War's ontogeny: Militias and ethnic boundaries in laos and exile

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10 Scopus citations


This article concerns the dynamics of people-making during war and exile. While the Second Indochina War (1954-75) in Laos was international, the fashioning of ethnic identities in relation to militias also reflected local dynamics and divisions, and rivalries over prominence. I focus on the identification of Iu Mien peoples in relation to Chao La, a militia leader whose prominence reflected his authoritarianism and command over resources, as well as the social repercussions of large-scale resettlement and the dynamics of refugee camps. My argument centers on the potential of warfare and violence to define ethnic identities, and on social reproduction concerning cultural factors in ethnicized and militarized social life.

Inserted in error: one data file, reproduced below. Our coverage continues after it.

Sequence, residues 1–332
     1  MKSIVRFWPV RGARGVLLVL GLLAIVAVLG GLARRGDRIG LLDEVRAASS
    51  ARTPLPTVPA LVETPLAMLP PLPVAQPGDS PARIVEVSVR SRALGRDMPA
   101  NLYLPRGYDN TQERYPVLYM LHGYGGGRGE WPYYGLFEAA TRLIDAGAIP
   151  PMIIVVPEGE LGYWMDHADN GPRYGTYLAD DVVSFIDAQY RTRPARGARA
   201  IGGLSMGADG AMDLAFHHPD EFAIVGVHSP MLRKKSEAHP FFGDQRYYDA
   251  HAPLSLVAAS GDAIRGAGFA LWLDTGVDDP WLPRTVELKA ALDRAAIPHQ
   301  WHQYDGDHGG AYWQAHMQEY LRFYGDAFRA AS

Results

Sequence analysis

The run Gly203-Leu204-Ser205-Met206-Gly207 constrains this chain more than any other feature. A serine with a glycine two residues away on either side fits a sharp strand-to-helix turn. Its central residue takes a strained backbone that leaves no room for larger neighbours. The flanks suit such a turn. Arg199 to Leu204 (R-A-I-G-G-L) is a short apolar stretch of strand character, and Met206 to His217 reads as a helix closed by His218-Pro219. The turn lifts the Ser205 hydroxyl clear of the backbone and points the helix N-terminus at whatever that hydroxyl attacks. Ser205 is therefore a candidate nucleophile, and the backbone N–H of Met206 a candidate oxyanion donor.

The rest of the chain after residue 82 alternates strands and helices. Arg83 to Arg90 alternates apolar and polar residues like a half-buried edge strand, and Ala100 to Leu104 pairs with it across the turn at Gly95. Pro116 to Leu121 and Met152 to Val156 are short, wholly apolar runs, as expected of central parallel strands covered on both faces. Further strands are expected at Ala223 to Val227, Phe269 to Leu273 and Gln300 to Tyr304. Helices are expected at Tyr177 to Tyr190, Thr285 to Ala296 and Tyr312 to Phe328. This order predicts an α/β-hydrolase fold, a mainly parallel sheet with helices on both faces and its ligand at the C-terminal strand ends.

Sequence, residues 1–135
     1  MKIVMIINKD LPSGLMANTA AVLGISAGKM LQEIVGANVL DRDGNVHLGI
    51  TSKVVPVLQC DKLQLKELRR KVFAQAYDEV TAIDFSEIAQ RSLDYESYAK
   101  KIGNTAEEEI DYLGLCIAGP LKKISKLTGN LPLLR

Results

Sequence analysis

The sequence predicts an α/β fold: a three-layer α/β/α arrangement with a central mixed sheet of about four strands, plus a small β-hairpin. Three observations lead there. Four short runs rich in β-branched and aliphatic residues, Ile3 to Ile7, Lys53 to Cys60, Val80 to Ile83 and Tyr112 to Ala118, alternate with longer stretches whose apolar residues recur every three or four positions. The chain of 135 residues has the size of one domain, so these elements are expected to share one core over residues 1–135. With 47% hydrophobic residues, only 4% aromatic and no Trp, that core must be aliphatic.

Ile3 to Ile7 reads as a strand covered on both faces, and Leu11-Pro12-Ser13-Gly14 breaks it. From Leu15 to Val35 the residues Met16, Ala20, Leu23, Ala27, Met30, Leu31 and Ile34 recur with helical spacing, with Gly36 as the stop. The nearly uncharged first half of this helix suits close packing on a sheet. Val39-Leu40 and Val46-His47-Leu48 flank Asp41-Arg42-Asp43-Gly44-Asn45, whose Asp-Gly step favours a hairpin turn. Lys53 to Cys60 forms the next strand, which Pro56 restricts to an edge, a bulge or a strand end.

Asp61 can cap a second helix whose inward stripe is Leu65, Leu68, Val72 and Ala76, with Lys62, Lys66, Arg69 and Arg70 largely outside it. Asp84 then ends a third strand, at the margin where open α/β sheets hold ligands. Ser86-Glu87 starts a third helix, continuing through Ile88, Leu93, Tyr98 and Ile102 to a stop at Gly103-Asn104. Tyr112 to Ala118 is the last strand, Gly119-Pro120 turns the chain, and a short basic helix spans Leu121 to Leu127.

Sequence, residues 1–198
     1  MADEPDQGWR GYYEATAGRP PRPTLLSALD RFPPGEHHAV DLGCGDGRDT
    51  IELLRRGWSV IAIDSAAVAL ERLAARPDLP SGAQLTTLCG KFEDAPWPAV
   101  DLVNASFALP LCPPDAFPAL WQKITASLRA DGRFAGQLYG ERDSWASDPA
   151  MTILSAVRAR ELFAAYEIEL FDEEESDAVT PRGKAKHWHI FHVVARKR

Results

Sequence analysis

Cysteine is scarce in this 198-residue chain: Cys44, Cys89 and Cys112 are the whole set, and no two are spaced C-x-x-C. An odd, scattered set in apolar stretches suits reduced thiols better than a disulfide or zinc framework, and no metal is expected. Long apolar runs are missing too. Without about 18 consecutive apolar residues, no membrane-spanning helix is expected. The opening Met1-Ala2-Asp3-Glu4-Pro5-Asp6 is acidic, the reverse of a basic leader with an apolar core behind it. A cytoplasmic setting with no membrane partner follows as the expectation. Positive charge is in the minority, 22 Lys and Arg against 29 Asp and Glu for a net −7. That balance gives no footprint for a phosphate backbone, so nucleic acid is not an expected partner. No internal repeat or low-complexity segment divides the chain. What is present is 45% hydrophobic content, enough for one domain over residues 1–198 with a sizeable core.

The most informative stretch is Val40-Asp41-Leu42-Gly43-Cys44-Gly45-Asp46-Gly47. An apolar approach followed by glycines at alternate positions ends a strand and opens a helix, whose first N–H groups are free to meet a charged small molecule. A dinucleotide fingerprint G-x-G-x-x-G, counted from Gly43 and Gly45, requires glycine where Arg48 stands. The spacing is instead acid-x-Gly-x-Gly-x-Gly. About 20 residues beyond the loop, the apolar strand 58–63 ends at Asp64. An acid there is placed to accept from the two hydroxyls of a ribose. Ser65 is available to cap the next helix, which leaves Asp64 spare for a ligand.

Original languageEnglish (US)
Pages (from-to)125-149
Number of pages25
JournalSoutheast Asian Studies
Issue number2
StatePublished - Sep 1 2009


  • Ethnicity
  • Iu Mien
  • Laos
  • Militias
  • Warfare
  • Witchcraft

ASJC Scopus subject areas

  • Geography, Planning and Development
  • Development
  • Political Science and International Relations


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